What device should be used for AR and VR, Bretthauer asked? For 360 video or pre-rendered content a smartphone will do, but more immersion means a need for better devices. High frame rates and resolution mean a lot of pixels – up to 400 million pixels/second so you need a powerful workstation and Fujitsu makes those in Augsburg.

VR DevicesDifferent VR applications need different devices. Image:Meko

HendryAndy Hendry who is from Nvidia was the next speaker where he is a territory manager.

He said that VR can accelerate workflows for designers and architects as well as giving a real sense of the feeling of the new product or design. Film and content makers will also see a big need for “virtual cinematography”, especially as content is likely to become more immersive.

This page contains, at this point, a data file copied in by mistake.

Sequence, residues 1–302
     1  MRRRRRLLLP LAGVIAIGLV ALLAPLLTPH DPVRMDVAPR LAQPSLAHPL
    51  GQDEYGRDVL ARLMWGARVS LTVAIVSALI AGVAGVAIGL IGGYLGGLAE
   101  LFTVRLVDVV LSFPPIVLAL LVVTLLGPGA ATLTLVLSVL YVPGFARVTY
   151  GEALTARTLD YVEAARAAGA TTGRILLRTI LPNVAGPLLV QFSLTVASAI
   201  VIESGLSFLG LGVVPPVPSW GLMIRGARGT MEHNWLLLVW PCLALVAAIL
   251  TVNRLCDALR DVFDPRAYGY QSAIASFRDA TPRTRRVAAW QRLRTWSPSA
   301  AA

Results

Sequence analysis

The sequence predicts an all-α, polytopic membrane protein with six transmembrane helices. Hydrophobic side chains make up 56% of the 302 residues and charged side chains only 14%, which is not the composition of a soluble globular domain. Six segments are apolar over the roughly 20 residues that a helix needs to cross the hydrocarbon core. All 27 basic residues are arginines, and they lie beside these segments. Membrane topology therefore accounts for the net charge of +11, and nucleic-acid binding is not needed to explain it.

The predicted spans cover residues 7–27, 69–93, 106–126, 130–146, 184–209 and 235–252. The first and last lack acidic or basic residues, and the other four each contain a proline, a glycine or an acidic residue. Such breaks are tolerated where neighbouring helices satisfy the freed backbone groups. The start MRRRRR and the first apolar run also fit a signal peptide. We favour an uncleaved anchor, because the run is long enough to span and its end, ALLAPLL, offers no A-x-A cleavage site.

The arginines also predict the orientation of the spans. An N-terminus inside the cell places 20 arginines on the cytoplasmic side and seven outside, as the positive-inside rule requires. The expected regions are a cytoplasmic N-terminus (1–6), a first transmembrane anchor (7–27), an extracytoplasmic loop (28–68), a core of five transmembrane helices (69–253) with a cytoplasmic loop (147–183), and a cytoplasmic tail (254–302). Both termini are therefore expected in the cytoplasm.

However, images have to be a faithful representation of reality – that is why scale models are so important in many applications today. Virtual worlds have to act the same as they do in the real world. You need to be able to use components such as doors or isolate single components in a complex system.

Nvidia has released Holodeck as a platform for collaboration in a photorealistic world, with real world physics and with shared spaces. VRWorks software supplies over 1000 different calibrated materials and Hendry said that the application is “much more than a conference call” and users are able to share audible and visual cues.

Nvidia HolodeckNvidia’s Holodeck VR environment is open for applications. Image:Meko

So what can you do in Holodeck? You can draw and annotate, measure parts, change the material of parts and colours on the fly. You can place assets within the experience and explode assemblies into components.

The Holodeck was announced at Nvidia’s GTC event and the company is now inviting designers and others to apply for access

ZawrelMichal Zawrel is Senior Product Manager for Mixed Reality and Hololens for Microsoft in Germany.